Quix Community Plugins for InfluxDB: Build Your Own Streaming Task Engine

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With our plans for InfluxDB 3.0 OSS laid out, both myself and the rest of the DevRel team have been actively searching for ecosystem platforms that would be logical integrations for the future of InfluxDB. One of these platforms is Quix!

Quix is a comprehensive solution tailored for crafting, launching, and overseeing event streaming applications using Python. If you’re looking to sift through time series or event data in real-time for instant decision-making, Quix is your go-to. What we discovered is that it makes a great alternative task engine for InfluxDB 3.0. If you would like to see our initial project with Quix to create an anomaly detection pipeline, check out this blog.

Progressing from this, we are extremely pleased to announce the release of two InfluxDB Community plugins for Quix. In this blog post, we will break down what each plugin does and provide an example of a use case you can try out yourself.


The plugins

The community contributions comprise two plugins:

  1. InfluxDB Source: This plugin allows users to query InfluxDB 3.0 using Apache Arrow Flight on a user-defined interval, parse the data into a pandas DataFrame, and publish to a Quix stream topic.
  2. InfluxDB Destination: This plugin allows users to ingest a DataFrame from a Quix stream topic, and define its structure (measurement and tags) before writing the data to an InfluxDB instance (this is compatible with both InfluxDB 2.x and 3.x).


You can find these plugins in the Quix platform by navigating to “Code Samples” via the menu on the left and searching for “InfluxDB”. Let’s take a look at the configuration of each of these plugins individually.

InfluxDB Source

InfluxDB Source is a Python-based plugin, so within the Quix environment it’s highly customizable based on your needs. You may simply edit the Python script within their cloud-based editor before deployment. Let’s start with an overview of the “out of the box” plugin.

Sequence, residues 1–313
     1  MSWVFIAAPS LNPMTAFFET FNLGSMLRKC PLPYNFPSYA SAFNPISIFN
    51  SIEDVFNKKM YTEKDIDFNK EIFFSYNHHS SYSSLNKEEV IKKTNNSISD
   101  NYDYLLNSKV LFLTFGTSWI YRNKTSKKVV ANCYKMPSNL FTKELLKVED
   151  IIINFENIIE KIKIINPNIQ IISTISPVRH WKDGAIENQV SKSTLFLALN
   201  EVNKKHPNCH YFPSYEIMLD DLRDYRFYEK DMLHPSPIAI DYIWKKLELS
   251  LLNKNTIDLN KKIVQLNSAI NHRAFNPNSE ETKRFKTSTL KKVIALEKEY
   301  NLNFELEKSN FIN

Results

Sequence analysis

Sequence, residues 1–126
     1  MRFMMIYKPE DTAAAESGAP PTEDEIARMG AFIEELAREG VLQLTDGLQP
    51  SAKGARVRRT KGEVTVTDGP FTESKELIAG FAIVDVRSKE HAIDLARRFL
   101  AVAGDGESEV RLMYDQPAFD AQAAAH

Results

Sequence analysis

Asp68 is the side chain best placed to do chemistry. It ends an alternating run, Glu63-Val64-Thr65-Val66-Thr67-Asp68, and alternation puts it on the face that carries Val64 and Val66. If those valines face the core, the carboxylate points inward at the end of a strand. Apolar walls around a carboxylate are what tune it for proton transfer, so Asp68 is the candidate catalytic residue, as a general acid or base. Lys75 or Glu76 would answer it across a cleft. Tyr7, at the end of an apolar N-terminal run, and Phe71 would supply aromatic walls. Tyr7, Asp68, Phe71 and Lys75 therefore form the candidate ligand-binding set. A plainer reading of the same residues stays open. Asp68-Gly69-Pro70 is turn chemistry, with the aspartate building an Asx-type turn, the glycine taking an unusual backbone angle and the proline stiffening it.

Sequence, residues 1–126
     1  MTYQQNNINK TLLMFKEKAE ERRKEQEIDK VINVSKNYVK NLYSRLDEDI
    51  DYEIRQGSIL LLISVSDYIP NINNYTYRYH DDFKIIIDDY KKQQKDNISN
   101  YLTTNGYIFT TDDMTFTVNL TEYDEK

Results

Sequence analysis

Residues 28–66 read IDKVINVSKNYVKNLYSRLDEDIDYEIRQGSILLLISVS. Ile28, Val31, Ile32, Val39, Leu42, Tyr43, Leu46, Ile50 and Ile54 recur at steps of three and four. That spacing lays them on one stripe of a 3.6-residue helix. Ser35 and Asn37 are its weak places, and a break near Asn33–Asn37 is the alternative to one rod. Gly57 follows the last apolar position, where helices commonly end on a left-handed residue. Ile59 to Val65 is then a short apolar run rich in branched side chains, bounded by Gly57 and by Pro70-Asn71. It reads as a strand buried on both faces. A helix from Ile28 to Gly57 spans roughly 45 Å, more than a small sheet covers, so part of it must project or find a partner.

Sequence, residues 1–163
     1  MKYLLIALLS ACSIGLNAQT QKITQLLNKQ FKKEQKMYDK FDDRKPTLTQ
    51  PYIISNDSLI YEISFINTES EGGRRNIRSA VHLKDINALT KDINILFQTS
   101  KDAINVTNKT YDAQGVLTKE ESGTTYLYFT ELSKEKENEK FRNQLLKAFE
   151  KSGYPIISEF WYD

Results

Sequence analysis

The InfluxDB Source plugin requires the following environment variables to be defined in order to run:

  • output: This is the output topic that will receive the stream (Default: influxdb, Required: True)
  • task_interval: Interval to run query. Must be within the InfluxDB notation; 1s, 1m, 1h, 1d, 1w, 1mo, 1y (Default: 5m, Required: True)
  • INFLUXDB_HOST: Host address for the InfluxDB instance. (Default: eu-central-1-1.aws.cloud2.influxdata.com, Required: True)
  • INFLUXDB_TOKEN: Authentication token to access InfluxDB. (Default: <TOKEN>, Required: True)
  • INFLUXDB_ORG: Organization name in InfluxDB. (Default: <ORG>, Required: False)
  • INFLUXDB_DATABASE: Database name in InfluxDB where data is stored. (Default: <DATABASE>, Required: True)
  • INFLUXDB_MEASUREMENT_NAME: The InfluxDB measurement to read data from. If not specified, the name of the output topic will be used (Default: <INSERT MEASUREMENT>, Required: True)

Once these parameters are set the script will run as follows:


As seen in the diagram, this plugin loops until shutdown. Based on the provided interval the script sleeps before repeating the query. The interval is also used to formulate the query since we will query only the latest data based on how long the plugin has slept for. Note that the plugin pushes the resulting data using the DataFrame format.

InfluxDB Destination

The InfluxDB Destination plugin – like the Source plugin, is purely Python-based – enables you to customize how the plugin writes data to InfluxDB (a feature we will use in the demo). For now, let’s start with another overview of the “out of the box” plugin.


The InfluxDB Destination plugin requires you to define the following environment variables in order to run:

  • input: This is the input topic (Default: detection-result, Required: True)
  • INFLUXDB_HOST: Host address for the InfluxDB instance. (Default: eu-central-1-1.aws.cloud2.influxdata.com, Required: True)
  • INFLUXDB_TOKEN: Authentication token to access InfluxDB. (Default: <TOKEN>, Required: True)
  • INFLUXDB_ORG: Organization name in InfluxDB. (Default: <ORG>, Required: False)
  • INFLUXDB_DATABASE: Database name in InfluxDB where data should be stored. (Default: <DATABASE>, Required: True)
  • INFLUXDB_TAG_COLUMNS: Columns to be used as tags when writing data to InfluxDB. (Default: ['tag1', 'tag2'], Required: False)